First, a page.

It may not exactly be a test of your relationship to watch rich white couples tear into one another for two hours (or is it? We love a post-film discussion in the uncomfortable Uber ride home), but the hope is that you can take comfort in telling one another, “At least we’re not like them.” And then you anxiously follow up every five minutes with, “...right?” We want to enjoy these broken relationships from a distance, but, then again, recognition is a little bit of identification, too. Though A24’s ploy regarding couples therapy might have been gauche (one hopes Netflix will avoid a similar stunt for Marriage Story), Midsommar and other films like it don’t become a test until they do become a test of strength, loyalty, fidelity, recognition. It’s about that last moment, when you can compartmentalize the fiction of watching the chain between people erode until it looks back at you unexpectedly, like a living organism.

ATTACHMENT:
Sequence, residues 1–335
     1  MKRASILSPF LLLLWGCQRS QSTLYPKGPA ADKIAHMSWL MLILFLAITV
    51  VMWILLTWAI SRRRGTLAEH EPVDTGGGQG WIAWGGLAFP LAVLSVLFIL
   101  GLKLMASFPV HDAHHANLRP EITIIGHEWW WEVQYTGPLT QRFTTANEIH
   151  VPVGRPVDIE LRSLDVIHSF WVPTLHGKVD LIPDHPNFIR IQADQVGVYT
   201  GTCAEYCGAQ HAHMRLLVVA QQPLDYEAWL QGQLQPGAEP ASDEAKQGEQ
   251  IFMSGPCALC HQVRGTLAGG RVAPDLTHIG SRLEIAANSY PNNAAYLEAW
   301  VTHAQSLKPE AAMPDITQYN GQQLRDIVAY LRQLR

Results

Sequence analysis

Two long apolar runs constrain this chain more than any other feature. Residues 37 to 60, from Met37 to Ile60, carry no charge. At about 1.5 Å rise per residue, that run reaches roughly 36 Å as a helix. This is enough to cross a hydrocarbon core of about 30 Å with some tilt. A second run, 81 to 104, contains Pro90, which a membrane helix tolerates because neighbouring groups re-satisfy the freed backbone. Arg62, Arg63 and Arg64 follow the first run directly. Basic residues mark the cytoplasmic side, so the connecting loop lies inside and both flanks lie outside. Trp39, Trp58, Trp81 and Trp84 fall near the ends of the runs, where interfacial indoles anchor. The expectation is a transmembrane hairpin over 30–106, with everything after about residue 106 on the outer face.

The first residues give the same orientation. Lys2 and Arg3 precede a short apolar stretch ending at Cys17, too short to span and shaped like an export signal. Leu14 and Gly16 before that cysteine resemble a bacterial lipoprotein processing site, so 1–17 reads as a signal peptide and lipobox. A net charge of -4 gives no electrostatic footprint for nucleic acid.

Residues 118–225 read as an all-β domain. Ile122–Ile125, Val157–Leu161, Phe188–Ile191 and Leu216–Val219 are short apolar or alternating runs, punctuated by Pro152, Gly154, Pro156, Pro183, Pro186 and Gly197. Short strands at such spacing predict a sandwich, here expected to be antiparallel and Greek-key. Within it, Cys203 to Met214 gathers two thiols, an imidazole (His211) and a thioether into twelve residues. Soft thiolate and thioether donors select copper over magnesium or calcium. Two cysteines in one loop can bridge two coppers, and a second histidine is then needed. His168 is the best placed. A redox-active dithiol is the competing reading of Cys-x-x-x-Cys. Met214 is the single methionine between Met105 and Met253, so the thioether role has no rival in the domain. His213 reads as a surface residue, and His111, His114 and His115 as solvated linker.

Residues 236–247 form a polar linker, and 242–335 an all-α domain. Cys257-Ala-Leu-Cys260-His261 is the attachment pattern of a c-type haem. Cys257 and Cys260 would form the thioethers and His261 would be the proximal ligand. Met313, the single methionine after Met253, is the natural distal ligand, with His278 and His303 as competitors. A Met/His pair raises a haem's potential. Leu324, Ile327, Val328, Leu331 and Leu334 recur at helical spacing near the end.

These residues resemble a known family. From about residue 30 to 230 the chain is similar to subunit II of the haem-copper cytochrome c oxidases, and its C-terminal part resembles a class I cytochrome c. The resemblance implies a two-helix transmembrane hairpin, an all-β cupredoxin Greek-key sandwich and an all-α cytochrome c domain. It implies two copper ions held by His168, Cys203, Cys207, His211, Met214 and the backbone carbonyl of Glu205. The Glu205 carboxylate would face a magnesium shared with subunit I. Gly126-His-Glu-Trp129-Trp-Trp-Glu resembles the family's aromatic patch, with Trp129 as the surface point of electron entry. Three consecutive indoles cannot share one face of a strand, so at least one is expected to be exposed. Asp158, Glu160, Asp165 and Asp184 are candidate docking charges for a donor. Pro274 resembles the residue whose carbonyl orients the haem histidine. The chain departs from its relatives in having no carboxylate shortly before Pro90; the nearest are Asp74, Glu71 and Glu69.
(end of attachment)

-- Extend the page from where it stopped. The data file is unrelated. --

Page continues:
Is it a red flag that I like to take dates to these quasi-anti romantic movies? Maybe. Am I going to stop dragging someone to see The Bitter Tears of Petra von Kant in the hopes they will make out with me? No. Can I take a hint? Also no. (I’m still chasing the great Gone Girl date of 2014, where my date and I had a post-film discussion for three hours. We were married in the spring. Not really. They disappeared, wink.)